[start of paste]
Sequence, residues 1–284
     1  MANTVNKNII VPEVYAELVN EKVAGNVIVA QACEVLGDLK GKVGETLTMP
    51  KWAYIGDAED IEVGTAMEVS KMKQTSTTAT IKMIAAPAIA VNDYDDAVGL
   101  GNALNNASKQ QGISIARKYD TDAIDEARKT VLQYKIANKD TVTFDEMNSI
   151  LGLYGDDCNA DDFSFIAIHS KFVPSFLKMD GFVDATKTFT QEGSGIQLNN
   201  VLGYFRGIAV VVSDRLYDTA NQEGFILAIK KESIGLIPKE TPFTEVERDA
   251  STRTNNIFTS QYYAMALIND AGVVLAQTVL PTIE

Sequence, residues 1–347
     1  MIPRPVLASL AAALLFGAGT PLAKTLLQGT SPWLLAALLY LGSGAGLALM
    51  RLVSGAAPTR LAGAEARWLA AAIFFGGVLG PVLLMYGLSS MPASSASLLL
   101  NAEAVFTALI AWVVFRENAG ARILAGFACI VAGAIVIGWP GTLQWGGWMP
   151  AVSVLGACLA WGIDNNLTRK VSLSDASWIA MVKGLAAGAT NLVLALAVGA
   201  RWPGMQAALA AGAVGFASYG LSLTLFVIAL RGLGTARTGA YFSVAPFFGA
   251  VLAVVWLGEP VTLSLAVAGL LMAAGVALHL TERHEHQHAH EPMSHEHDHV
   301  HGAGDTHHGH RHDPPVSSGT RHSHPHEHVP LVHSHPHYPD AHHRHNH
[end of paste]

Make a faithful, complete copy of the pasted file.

Sequence, residues 1–284
     1  MANTVNKNII VPEVYAELVN EKVAGNVIVA QACEVLGDLK GKVGETLTMP
    51  KWAYIGDAED IEVGTAMEVS KMKQTSTTAT IKMIAAPAIA VNDYDDAVGL
   101  GNALNNASKQ QGISIARKYD TDAIDEARKT VLQYKIANKD TVTFDEMNSI
   151  LGLYGDDCNA DDFSFIAIHS KFVPSFLKMD GFVDATKTFT QEGSGIQLNN
   201  VLGYFRGIAV VVSDRLYDTA NQEGFILAIK KESIGLIPKE TPFTEVERDA
   251  STRTNNIFTS QYYAMALIND AGVVLAQTVL PTIE

Sequence, residues 1–347
     1  MIPRPVLASL AAALLFGAGT PLAKTLLQGT SPWLLAALLY LGSGAGLALM
    51  RLVSGAAPTR LAGAEARWLA AAIFFGGVLG PVLLMYGLSS MPASSASLLL
   101  NAEAVFTALI AWVVFRENAG ARILAGFACI VAGAIVIGWP GTLQWGGWMP
   151  AVSVLGACLA WGIDNNLTRK VSLSDASWIA MVKGLAAGAT NLVLALAVGA
   201  RWPGMQAALA AGAVGFASYG LSLTLFVIAL RGLGTARTGA YFSVAPFFGA
   251  VLAVVWLGEP VTLSLAVAGL LMAAGVALHL TERHEHQHAH EPMSHEHDHV
   301  HGAGDTHHGH RHDPPVSSGT RHSHPHEHVP LVHSHPHYPD AHHRHNH